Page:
Chronic kidney disease: often associated with irreversible impairment of kidney function

2021-05-06 02:52 PM

In general, chronic kidney disease, like acute kidney damage, can result from damage that starts in the renal vascular system, glomeruli, tubules, interstitial organization, or low urinary tract.

 

Chronic kidney disease is defined as kidney damage or impairment that persists for at least 3 months.

Chronic kidney disease is often associated with progression and irreversible loss of large numbers of functional nephrons.

Typical clinical symptoms do not usually occur until the number of functional nephrons falls below 70-75% of normal. In fact, blood electrolyte concentrations and body fluids can remain nearly normal until the number of functional nephrons falls below 20-25% of normal.

Board. Several causes of acute kidney damage to the kidneys

* Damage to small vessels and/or glomeruli

Vasculitis (inflammation of multiple nodules)

Cholesterol embolism

Malignant hypertension

Acute glomerulonephritis

* Tubular epithelial injury (tubular necrosis)

Acute tubular necrosis due to ischemia

Acute tubular necrosis caused by toxins (heavy metals, ethylene glycol, insecticides, poisonous fungi, carbon tetrachloride)

* Damage to the kidneys

Acute pyelonephritis

Interstitial nephritis due to acute allergies.

The table lists some of the main causes of chronic kidney disease. In general, chronic kidney disease, like acute kidney damage, can result from damage that starts in the renal vascular system, glomeruli, tubules, interstitial organization, or low urinary tract. Although there are a large number of non-kidney diseases that can lead to chronic kidney disease, the end result is the same - a decrease in the number of functional nephrons.

 

MOST VIEW

Pathophysiology of cardiogenic shock

Urine formation: Reabsorbed glomerular filtration

Air in and out of the lungs: pressure causes the movement of air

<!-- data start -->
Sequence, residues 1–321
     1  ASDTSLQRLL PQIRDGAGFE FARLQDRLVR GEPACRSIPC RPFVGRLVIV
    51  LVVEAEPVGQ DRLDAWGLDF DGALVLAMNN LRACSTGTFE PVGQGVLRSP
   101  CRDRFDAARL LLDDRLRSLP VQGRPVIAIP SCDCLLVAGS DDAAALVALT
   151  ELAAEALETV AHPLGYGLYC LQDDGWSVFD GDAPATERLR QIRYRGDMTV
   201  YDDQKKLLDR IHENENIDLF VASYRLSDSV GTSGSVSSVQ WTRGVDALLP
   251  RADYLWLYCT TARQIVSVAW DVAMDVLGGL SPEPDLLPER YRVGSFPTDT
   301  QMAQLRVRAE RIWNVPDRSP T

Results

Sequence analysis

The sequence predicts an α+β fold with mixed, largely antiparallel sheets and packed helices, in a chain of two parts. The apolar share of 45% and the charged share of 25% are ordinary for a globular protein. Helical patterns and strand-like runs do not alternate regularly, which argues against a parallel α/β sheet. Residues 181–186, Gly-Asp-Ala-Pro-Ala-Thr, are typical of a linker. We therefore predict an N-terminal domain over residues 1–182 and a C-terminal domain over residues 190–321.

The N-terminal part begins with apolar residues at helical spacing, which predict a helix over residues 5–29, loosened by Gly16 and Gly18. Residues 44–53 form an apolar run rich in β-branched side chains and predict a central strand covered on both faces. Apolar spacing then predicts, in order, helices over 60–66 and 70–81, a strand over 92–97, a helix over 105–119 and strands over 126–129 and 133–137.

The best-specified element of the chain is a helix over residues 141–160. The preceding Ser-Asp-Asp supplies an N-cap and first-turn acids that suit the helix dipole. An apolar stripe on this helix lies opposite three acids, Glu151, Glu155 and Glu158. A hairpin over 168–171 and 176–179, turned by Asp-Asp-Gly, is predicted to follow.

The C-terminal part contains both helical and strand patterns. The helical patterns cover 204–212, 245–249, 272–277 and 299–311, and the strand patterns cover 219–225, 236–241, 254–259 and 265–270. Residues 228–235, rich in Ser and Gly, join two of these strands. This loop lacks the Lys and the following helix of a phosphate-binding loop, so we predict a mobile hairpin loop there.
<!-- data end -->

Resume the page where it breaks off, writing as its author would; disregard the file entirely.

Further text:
Mechanism of urine concentration: osmotic pressure changes in different segments of the renal tubule

Absorption and excretion of potassium through the kidneys

Prothrombin activation: initiates blood clotting

Pulmonary capillary dynamics: capillary fluid exchange and pulmonary interstitial fluid dynamics

Graphical analysis of high-volume heart failure

Estimated renal plasma flow: PAH clearance

Calculate the glomerular filtration rate (GFR): the forces that cause the filtration process

Reduced sodium chloride, dilates arterioles, increases Renin release.

Nephron: The functional unit of the kidney

Ammonia buffering system: excretes excess H + and creates new HCO3

Concentrated urine formation: urea contributes to increased osmotic pressure in the renal medullary

Red blood cells: differentiation and synthesis

The proximal tubule reabsorption: active and passive reabsorption

Extracellular fluid distribution between interstitial space and blood vessels

The endocrine regulates tubular reabsorption

Origin of lymphocytes: the body's resistance to infection

Acidosis causes a decrease in HCO3- / H + in renal tubular fluid: compensation mechanism of the kidney

Physiological anatomy of the kidneys and urinary system

Sodium channel blockers: decrease the reabsorption of sodium in the manifold

The kidneys excrete sodium and fluid: feedback regulates body fluids and arterial pressure

Self-regulation of glomerular filtration rate and renal blood flow

Iron metabolism: haemoglobin synthesis